I've been drinking soda - mostly of the Pepsi variety - for many years. As recently as eight years ago, I was up to over a liter a day! And I wasn't drinking the diet stuff - or the name-brand stuff - either. It was all Shasta and "Ralph's" generic brand (I was in California at the time). Then I started dating someone, a nice guy who lost a lot of weight due to aerobic kickboxing. I tried it, lost about 15 pounds, and started eating healthier. One of the things I started doing was kicking the sugary soda habit. I switched to diet, and it helped me lose the pounds. While that relationship went nowhere, at least I lost some weight as a result (thanks, Eric, wherever in San Francisco you are today).
I further cut down my soda consumption a few years later, after moving back to Maryland. I forced myself to drink more tea, and only drink - get this - three cans of soda a day. That's still a lot. A whole lot.
Now the time has come to try and cut the stuff out of my diet as much as possible - I'm hoping a few cans a week. What's spurring this on? A few things. For one, soda in any format really isn't healthy anyway. But what really did it was a recent report that suggests a link - not necessarily a cause and effect, but a link nevertheless - between diet soda and strokes and other vascular diseases. Mind you, there are flaws in the study, as Dr. Sanjay Gupta points out:
While I could be healthier than I am, I do have some things going for me: I don't just eat crap. And I'm getting a lot more exercise these days than I used to - gym, soccer, yoga. One has to keep one's figure, right?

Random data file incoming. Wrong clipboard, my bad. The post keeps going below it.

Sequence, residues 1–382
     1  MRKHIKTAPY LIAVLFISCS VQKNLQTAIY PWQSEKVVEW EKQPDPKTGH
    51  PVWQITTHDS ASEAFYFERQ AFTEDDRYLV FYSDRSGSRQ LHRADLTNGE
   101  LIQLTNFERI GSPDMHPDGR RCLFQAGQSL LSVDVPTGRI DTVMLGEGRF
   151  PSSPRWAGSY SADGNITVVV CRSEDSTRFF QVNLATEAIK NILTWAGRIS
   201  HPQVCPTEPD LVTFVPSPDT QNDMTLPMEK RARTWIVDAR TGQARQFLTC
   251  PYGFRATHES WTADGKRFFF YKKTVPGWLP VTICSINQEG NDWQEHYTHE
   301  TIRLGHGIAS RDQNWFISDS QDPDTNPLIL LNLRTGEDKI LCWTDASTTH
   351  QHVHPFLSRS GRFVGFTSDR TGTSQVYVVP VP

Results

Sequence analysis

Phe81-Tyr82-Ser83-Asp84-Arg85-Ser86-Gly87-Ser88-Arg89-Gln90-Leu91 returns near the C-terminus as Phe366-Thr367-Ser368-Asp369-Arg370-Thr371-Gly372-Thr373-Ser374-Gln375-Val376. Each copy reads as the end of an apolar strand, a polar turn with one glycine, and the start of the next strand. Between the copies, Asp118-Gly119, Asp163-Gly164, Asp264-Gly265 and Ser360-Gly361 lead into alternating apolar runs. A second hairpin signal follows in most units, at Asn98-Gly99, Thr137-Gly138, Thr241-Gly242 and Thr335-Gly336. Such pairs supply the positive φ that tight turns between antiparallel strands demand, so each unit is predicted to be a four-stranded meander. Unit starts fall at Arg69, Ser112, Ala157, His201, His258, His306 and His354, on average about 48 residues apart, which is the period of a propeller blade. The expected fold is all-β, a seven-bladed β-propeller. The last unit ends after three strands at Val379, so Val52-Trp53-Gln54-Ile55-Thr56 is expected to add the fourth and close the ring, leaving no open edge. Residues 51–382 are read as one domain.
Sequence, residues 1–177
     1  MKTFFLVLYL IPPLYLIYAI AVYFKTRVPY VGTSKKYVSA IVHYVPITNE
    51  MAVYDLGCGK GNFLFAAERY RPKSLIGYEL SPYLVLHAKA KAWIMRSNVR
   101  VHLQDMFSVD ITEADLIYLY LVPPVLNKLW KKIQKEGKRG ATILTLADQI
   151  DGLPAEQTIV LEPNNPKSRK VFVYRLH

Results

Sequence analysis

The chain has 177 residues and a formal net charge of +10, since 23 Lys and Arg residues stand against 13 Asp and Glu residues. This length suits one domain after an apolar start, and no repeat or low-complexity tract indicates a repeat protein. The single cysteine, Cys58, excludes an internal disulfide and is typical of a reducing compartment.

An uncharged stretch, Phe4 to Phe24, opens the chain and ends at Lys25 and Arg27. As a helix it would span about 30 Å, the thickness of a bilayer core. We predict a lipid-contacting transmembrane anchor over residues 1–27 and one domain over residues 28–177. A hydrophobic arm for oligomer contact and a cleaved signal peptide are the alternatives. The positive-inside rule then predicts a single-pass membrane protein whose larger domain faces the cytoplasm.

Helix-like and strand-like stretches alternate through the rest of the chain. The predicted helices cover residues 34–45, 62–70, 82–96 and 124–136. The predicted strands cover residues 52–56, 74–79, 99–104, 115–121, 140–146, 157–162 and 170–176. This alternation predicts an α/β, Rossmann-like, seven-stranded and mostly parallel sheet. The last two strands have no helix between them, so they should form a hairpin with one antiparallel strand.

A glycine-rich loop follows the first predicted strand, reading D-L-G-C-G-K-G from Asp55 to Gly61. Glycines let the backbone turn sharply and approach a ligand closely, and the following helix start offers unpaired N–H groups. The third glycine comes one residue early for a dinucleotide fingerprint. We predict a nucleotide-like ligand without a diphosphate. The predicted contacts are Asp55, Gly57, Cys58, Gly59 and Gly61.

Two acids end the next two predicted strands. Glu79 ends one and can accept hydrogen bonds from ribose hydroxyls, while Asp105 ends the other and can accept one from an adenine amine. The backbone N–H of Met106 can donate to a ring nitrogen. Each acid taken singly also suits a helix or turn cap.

But all of the information about how much soda and sodium consumed came from the participants' own reports, not from a controlled setting. It's possible that they remembered or stated their habits incorrectly, or did not maintain those habits consistently over time. Researchers also do not know about the specific brands and flavors of diet and regular sodas consumed.
. . .
A 2007 study in the American Heart Association journal Circulation found that people who drink one or more soft drinks a day are more likely to develop metabolic syndrome, a heart disease precursor, than people who drink less than one soda a day.
Still, that study also only showed an association, and did not prove that sodas cause metabolic syndrome. There could be something else about people who drink soda regularly that directly leads to risk factors for heart disease. [Gupta & Cohen 2011]
That said, no doctor - who isn't employed by Coca-Cola - will tell you that drinking so much soda is good for you. There can really only be benefits to cutting back. And while I don't intend to stop drinking diet soda altogether, I would like to cut back a good bit. And so, for a while at least, I'll be reporting on just how successful my quest to cut back on the fizzy drinks really is, what I replace it with, where will I get my caffeine!? (Not coffee, a drink I cannot stand) Oh, and maybe I should cut back on caffeine?